The play went well. This time the place was full. All the parents of my Jewish students were there, as were their grandparents and friends. There wasn't an empty seat in the place...and standing room in back only. The Assyrian parents came too this time.
Now I had had some doubts about how to end the play. After all in my original version the Assyrian army seems to win a decisive engagement. But now I had Jewish parents all around me, we were in a Synagogue...and by the looks of things on stage, the Jews were far better equipped and prepared for battle than the Assyrians. I'd decided to leave the ending even more ambiguous...with both kings sort of signaling a victory and making a short speech before the armies marched off in separate directions.
Trouble was when the time came, the spot lights came up only on the Jeweish king. From the audience you saw a dark place where the Assyrian army was standing...and the only gesture of victory anyone saw was that made by the Jewish king. I don't know what happened...I don't want to say someone did it deliberately...but I'll never know for sure.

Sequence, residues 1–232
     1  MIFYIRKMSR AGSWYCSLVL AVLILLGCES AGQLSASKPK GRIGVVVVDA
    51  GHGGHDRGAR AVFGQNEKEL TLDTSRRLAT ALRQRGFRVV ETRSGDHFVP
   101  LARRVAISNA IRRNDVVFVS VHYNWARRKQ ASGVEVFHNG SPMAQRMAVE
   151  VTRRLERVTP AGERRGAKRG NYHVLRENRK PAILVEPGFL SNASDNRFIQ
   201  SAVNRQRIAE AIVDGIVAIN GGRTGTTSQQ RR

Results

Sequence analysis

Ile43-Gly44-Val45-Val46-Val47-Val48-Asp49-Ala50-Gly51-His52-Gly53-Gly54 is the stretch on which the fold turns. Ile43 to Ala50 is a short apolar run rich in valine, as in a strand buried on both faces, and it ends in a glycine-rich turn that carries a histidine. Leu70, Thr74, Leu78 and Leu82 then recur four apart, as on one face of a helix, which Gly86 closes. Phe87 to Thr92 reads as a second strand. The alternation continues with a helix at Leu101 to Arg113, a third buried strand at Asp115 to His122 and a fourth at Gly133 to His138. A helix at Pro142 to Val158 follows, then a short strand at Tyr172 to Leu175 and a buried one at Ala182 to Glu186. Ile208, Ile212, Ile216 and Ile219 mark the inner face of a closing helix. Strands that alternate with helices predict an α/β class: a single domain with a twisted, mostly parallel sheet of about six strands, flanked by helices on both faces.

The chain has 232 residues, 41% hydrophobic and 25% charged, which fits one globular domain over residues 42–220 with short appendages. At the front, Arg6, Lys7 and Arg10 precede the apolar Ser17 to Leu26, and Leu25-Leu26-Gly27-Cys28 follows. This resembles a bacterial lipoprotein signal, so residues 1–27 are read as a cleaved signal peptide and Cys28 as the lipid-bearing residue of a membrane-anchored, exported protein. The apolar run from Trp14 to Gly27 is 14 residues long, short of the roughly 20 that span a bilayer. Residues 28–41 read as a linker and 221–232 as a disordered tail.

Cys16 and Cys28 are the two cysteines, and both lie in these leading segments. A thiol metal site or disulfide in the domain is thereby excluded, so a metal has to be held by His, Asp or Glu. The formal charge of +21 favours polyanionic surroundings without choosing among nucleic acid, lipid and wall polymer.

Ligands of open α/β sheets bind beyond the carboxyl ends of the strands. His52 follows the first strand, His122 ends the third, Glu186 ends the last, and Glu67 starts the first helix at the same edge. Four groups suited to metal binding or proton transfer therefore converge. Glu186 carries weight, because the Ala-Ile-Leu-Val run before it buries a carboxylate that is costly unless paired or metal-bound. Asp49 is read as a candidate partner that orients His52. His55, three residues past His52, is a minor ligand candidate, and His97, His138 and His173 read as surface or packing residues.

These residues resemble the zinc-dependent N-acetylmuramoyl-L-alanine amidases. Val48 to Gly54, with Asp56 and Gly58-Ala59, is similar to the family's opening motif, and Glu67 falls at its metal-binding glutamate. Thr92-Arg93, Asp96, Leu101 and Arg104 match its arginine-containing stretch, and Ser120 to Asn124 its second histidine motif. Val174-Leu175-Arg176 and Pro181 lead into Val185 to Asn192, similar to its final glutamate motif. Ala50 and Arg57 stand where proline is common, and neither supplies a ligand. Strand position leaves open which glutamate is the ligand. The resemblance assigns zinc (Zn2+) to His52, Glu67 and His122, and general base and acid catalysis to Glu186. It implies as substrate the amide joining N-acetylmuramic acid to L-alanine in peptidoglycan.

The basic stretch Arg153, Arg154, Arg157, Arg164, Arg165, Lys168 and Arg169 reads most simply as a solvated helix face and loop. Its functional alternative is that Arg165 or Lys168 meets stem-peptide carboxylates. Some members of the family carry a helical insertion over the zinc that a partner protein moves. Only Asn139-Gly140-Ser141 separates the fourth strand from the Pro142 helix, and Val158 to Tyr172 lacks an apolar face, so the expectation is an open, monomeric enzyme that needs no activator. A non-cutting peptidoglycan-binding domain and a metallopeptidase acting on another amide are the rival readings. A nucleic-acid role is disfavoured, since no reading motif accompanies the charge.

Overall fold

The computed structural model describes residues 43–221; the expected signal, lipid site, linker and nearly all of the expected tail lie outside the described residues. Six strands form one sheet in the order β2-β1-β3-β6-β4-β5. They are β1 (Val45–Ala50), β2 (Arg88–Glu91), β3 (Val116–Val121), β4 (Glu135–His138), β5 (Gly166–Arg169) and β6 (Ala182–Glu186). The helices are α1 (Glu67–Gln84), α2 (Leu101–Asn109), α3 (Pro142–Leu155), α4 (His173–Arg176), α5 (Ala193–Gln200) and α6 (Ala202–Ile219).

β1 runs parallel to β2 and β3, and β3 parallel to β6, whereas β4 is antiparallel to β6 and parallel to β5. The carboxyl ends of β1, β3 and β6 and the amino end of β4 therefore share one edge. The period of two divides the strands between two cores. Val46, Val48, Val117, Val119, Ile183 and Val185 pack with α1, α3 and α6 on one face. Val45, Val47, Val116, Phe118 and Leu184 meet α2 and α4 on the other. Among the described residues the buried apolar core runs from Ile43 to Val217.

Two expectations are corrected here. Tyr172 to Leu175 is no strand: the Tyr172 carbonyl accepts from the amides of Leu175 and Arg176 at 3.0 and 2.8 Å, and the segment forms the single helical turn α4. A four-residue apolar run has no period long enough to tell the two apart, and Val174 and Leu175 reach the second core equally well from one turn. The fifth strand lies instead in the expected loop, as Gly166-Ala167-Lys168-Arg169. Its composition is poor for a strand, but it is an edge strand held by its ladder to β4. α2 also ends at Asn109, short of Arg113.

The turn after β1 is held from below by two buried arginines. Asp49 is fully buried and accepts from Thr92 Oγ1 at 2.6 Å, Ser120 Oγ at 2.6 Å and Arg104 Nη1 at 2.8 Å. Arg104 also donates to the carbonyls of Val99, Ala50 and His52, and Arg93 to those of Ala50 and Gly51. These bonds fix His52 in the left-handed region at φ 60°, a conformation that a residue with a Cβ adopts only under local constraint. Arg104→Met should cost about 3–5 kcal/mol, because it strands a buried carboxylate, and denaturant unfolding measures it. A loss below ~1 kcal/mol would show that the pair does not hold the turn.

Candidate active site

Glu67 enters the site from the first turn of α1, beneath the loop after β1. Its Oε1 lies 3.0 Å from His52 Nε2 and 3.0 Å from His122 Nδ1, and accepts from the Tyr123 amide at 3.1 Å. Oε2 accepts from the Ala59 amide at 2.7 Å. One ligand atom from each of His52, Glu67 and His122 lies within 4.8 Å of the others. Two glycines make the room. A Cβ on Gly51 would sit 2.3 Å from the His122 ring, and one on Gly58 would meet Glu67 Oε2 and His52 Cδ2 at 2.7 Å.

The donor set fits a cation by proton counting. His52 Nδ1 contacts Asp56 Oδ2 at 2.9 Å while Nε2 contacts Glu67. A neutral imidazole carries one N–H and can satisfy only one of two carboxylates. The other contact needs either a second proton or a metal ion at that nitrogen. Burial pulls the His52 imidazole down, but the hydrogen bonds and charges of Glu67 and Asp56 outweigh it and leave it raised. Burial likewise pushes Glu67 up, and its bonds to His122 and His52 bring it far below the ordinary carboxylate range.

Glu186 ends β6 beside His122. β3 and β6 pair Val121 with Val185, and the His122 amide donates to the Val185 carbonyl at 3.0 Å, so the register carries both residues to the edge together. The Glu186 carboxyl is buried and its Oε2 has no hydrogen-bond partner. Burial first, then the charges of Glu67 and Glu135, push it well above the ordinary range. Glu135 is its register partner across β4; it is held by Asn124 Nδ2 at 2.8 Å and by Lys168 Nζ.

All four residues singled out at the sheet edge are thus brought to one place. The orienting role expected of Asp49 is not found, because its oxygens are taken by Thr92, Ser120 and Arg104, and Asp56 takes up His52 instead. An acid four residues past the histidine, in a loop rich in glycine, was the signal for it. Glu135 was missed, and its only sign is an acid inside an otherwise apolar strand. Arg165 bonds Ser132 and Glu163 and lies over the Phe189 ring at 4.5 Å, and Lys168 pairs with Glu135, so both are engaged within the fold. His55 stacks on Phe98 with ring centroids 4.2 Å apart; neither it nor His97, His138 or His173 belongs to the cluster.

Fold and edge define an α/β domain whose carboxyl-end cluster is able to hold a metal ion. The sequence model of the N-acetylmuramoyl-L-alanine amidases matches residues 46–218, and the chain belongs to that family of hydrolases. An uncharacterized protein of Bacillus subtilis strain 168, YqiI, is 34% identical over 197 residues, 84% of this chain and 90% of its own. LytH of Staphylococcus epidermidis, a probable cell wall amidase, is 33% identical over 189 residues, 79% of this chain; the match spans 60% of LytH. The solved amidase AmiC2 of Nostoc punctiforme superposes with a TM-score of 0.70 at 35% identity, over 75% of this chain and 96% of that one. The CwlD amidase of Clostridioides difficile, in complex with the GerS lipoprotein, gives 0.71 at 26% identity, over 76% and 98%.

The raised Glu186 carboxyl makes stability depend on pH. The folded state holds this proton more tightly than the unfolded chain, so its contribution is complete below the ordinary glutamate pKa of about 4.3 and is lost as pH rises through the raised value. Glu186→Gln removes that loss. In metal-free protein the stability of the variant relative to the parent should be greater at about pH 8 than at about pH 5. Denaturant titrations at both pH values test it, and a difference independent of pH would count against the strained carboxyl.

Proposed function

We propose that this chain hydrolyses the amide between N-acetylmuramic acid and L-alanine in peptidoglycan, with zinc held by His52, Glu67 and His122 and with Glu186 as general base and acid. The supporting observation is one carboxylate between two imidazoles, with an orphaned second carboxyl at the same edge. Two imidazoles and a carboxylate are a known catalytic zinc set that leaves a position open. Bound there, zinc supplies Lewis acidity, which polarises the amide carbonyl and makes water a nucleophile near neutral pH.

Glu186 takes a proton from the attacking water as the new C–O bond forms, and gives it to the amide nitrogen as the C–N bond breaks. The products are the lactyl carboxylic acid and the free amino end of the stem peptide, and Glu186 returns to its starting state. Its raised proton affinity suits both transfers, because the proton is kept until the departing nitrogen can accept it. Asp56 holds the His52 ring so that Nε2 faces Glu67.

The children didn't seem to mind...the Assyrian kids were just glad to be there, to have dressing rooms and mirrors and pancake make-up and all the slats and ropes backstage. Afterwards we had a social hour and the families mingled, eating cookies, tea and cofee... the usual stuff. Everyone seemed pretty pleased... except for Sargon. My wife pointed him out to me, standing in a corner off by himself, away from everyone. I grabbed a cookie and a glass of milk and walked over to him. His back was sort of turned towards me. I called out his name as I approached. he didn't move so I walked around to face him. Then I saw...he was crying. Not a lot, but you could see he had been a little. What he looked most though was angry...and frustrated. I asked him gently what the matter was and after asking it a few times he manged to say, through clenched teeth, something like..."that wasn't fair...the Assyrians should have won...we should have won..we did, didn't we...isn't that the way you wrote it first, for us"?
What could I say? I felt badly for him and regardless of who won that old and ancient battle, what was really bothering him was that they had lost the battle that night. He had been handed a defeat where he expected a victory...where he deserved one...for the honest truth is that Sargon was the best actor I ever saw. I 've often wondered about him, and worried that he too would somehow not find a way to win his battles in this life...now, not back then.
It sounds trite, but then I must be that way, because it's what I honestly felt.